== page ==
Construction Site Accidents
Workplace accidents take a toll on productivity and health care costs, and unless employers tighten up their safety protocols, these types of events will continue.
According to the U.S. Bureau of Labor Statistics (BLS), “the overall incidence rate of nonfatal occupational injury and illness cases requiring days away from work to recuperate was 104.0 cases per 10,000 full-time workers in 2015, down from 107.1 cases in 2014. In 2015, there were 1,153,490 days-away-from-work cases in private industry, state government, and local government—essentially unchanged from the number of cases reported in 2014.”
Jobs with the highest incidences of workplace accidents include long-haul and tractor-trailer commercial truck drivers, nursing assistants, construction work, private sector laborers, and freight and stock movers.
The New York Times reported that there were 4,836 workplace fatalities in 2015 – the most deaths since 2009.
Overview of Construction Site Accidents
It’s no secret why construction sites have so many accidents, given the amount of heavy equipment and the number of large vehicles found in these areas. But despite these dangers, construction sites should not turn into battle zones where life and death hangs in the balance.
But even a cursory look at the statistics paints a picture of construction sites as places where workers are at a higher risk of injury than in many other occupations.
According to the Industrial Safety & Hygiene News website, 10 percent of all construction workers suffer some type of injury each year. Even more concerning is the fact that falls are the biggest cause of construction site fatalities, and not surprisingly, fall protection is the safety standard that construction companies violate most often.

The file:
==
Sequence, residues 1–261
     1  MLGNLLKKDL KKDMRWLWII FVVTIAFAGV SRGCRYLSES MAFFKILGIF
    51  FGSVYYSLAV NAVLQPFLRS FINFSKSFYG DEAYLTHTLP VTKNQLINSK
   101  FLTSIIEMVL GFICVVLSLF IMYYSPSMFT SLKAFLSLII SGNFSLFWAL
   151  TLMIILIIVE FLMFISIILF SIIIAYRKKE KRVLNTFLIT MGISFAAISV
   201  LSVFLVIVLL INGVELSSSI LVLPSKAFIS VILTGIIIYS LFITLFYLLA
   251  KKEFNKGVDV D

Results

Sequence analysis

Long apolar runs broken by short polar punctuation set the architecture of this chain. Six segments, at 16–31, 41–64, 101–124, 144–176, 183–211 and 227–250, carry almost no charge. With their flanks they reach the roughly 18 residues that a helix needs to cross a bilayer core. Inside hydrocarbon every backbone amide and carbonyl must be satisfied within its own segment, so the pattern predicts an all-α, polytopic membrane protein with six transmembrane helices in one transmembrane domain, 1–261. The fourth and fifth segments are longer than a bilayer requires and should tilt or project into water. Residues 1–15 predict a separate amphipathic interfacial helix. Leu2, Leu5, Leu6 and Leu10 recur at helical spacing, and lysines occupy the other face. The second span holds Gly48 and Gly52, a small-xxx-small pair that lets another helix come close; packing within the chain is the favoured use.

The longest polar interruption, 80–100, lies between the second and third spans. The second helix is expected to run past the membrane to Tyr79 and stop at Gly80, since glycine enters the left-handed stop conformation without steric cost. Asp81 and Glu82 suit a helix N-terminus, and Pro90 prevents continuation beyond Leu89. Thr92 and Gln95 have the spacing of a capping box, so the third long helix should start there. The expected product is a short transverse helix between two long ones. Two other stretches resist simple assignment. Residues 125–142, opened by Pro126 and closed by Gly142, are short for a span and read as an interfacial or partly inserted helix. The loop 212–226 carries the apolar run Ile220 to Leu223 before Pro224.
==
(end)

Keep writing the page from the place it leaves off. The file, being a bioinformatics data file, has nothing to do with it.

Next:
Furthermore, 60 percent of all construction site accidents that cause injury take place within a worker’s first year.
Major Causes of Construction Site Accidents
According to a study by the Center for Construction Research and Training, there are several common causes of construction site accidents that can lead to death:
- Falls (33.3 percent)
- Transportation (26.1 percent)
- Contact with objects (17.6 percent)
- Exposure (15.7 percent)
The study also found these common causes of construction site accidents that lead to injuries:
- Bodily reaction/exertion (33.6 percent)
- Contact with objects (33 percent)
- Falls (24.2 percent)
- Exposure (4.2 percent)
Why Construction Site Accidents Are Important
The Occupational Safety and Health Administration (OSHA) has established safety standards for employers that they must abide by in order to provide workers with a safe environment.
When those standards are not met, or are disregarded, injuries and fatalities can result, and that is especially true at construction sites where the nature of the work and the equipment used significantly increases the risk of something going awry.
Construction workers who believe that their workplace is not adhering to OSHA standards should report their concerns to an immediate supervisor.
Safety at these sites must take priority over any other issue, but sadly, that is not always the case, and that is why legal claims are filed after an accident causes injury or death.
Whether the risk is from a falling object, heavy equipment, fire, an explosion, or even something as little-seen as lead poisoning at a site, constructions workers have the right to a safe, healthy workplace.
Fighting on Your Behalf
If you have suffered injuries at a construction site, you may be feeling confused and uncertain about your course of action. Perhaps you have tried to resolve things with your employer, but have not had any success, and now you feel betrayed and alone.
This is the type of situation in which the personal injury law firm of Miller Kory Rowe LLP excels. We have an outstanding track record when it comes to pursuing construction site claims, and we would be happy to put our resources to work for you.